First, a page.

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Life cycle prediction for spare parts at IBM spare parts operations

Bensing, L. (2012) Life cycle prediction for spare parts at IBM spare parts operations.

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Abstract:Introduction: The research is executed at one of the departments of IBM SPO, being Life Cycle Planning. This department is, amongst other things, responsible for calculating the need to cover the usage of a Field Replaceable Unit (FRU) over the remaining service period (RSP) in case a supplier stops producing and IBM has a final opportunity to acquire parts, known as a Last Time Buy (LTB). Due to the time horizons, that can be up to 16 years, the amount of parts to acquire is difficult to forecast. Motivation: Based on a pilot project executed for the division Lenovo, focused on Commodity Based Lifecycle Forecasting (CBLF), the idea existed that there should be a commonality between the FRUs with a similar usage pattern, which can be used for clustering. Having the opportunity to assign an FRU to a cluster would make long term forecasting easier, since the usage pattern is known. Therefore the aim of this research is the following: “Investigate which characteristics of an FRU are related to a specific usage pattern and how this information can be used to cluster FRUs into groups with a similar usage pattern, in order to improve the forecast accuracy.” Research methodology: The start of the research was the determination of the current forecast accuracy and the different types of usage patterns the FRUs follow. After the FRUs were assigned to a specific usage pattern, an investigation of the relation between the usage pattern and a set of characteristics was executed, to determine whether characteristics can be related to a specific usage pattern and can be used to cluster the FRUs. Therefore we used a combination of statistical testing, data analysis and factorial analysis. As a second step, we assessed the performance of the pilot that triggered the research, and we discussed and tested options to improve this method, based on a simulation of historical LTBs. Results: Based on the analysis of the usage patterns, 12 different partial usage patterns were identified over a period of 5 year historical usage, because that is the amount of years for which historical data is stored. It appeared to be impossible to combine these partial usage patterns into a limited set of usage patterns, due to the large amount of possible combinations. With respect to the forecast accuracy, the performance is determined based on the bias, Mean Absolute Deviation (MAD) and the Mean Absolute Percentage Error (MAPE). The results indicated that the standard decline approach, in which a fixed decline factor is used for every year the need has to be forecasted, has an aggregated MAPE value of 235% against 314% for CBLF. As a result, standard decline leads to more accurate forecasts on an aggregated level. CBLF has a more accurate result when it is actually the best approach, with an average MAPE of 203% for CBLF compared to an average MAPE of 241% for the standard decline. However, the results of both approaches indicate room for improvement, because the average aggregated difference between the forecasted and actual need is more than 50%, which indicates an inaccurate forecast. With respect to identification and clustering we investigated the possibilities for 8 characteristics, being Age FRU, Brand, Commodity, Division, Forecasted Reliability, LTB Month forecast, RSP and TM144 status (indicates if the LTB is executed before or after production stops). On an aggregated level, statistical tests indicate that all characteristics could have a relationship with a partial usage pattern. On commodity level, with a commodity being a group of FRUs with similar purpose (like batteries), some of the characteristics can be excluded based on the statistical tests. We focused on clustering approaches for the commodity HDD, based on a combination of ranges, sub ranges and historical usage data. The amount of FRUs selected using the clustering approaches ranges in most cases between 1 and 5 FRUs, resembling less than 5% of the entire selection. The percentage of FRUs successfully identified can be high, but is not considered to be representative, since 1 FRU correctly identified from a selection of 1 can also be coincidence. In the second part of the research, we focused on the performance of CBLF. The analysis pointed out three main causes for an inaccurate forecast with CBLF, being a difference between the observed usage pattern and the pattern used to forecast future usage with, a difference between the expected and actual time on the market and a difference between the point in time the observed usage starts and the point in time in which the usage starts based on the curve used to forecast future usage. Different improvement options are tested to minimize the effects of the main causes and all options have realized accurate forecasts for at least 1 FRU in the selection, but a straightforward method to determine the most appropriate forecast method for all FRUs could not be developed. Of the different forecasting options considered, the aggregated MAPE values for a selection of 13 fast moving FRUs are 63% for Weibull, 71% for Gamma and 133% for standard decline. For slow movers, the aggregated MAPE values for a selection of 6 FRUs are 78% for scaled CBLF, 114% for Croston’s method and 139% for standard decline. These methods are combined in an Excel tool, that can be used to visualize the possible usage patterns an FRU might follow and indicate what ranges of usage might be realized. This could help the SPO team in making a decision about the amount to acquire, but can also clarify the advantages that range forecasting can offer.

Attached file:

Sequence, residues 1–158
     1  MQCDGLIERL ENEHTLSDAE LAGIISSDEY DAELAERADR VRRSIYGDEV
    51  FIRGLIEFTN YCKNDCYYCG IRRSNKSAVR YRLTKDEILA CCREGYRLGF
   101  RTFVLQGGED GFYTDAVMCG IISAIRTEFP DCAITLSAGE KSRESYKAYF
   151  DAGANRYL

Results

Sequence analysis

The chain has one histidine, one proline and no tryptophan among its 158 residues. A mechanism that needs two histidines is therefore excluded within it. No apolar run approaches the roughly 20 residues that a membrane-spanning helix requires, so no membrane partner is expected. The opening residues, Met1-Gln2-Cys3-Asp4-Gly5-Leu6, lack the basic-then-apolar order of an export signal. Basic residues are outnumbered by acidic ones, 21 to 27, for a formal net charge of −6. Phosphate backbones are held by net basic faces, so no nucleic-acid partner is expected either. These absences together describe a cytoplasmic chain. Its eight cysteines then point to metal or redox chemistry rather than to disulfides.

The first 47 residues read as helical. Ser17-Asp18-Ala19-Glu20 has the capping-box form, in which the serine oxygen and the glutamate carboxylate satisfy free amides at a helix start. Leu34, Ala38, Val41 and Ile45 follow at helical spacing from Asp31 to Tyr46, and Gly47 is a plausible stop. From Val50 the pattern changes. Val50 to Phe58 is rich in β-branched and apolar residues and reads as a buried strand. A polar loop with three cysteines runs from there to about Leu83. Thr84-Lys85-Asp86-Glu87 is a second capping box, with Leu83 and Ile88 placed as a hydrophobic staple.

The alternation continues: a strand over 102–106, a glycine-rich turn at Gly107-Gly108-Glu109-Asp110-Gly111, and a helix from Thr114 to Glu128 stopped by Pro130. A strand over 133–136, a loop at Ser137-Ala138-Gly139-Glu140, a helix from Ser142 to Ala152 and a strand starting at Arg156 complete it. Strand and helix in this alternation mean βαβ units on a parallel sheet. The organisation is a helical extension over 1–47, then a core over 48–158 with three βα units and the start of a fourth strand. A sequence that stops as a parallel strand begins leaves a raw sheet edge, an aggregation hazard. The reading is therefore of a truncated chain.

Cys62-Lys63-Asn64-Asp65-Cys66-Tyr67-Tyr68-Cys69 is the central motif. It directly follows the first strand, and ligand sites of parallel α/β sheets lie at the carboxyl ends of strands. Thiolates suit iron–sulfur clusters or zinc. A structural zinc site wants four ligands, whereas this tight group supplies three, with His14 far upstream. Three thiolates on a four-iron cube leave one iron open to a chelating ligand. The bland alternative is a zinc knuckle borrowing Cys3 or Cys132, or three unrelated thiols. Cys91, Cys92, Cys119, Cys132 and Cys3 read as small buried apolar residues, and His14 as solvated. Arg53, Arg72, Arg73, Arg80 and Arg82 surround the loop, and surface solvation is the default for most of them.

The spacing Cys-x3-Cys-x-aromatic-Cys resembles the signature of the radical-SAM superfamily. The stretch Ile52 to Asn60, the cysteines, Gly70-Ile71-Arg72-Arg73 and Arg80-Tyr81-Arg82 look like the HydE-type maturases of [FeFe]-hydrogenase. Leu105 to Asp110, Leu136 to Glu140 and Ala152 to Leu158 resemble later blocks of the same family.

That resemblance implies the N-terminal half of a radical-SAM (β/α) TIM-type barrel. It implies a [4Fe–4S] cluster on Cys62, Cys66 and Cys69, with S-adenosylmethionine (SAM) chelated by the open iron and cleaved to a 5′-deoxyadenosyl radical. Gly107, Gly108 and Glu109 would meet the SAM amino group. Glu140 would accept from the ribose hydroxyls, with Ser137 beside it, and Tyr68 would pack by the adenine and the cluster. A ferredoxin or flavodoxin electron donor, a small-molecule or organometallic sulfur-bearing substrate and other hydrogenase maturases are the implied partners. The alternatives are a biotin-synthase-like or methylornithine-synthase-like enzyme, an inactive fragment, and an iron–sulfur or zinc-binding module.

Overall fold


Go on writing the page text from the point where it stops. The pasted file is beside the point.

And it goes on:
Item Type:Essay (Master)
Clients:
IBM, the Netherlands
Faculty:BMS: Behavioural, Management and Social Sciences
Subject:85 business administration, organizational science
Programme:Business Administration MSc (60644)
Link to this item:http://purl.utwente.nl/essays/62539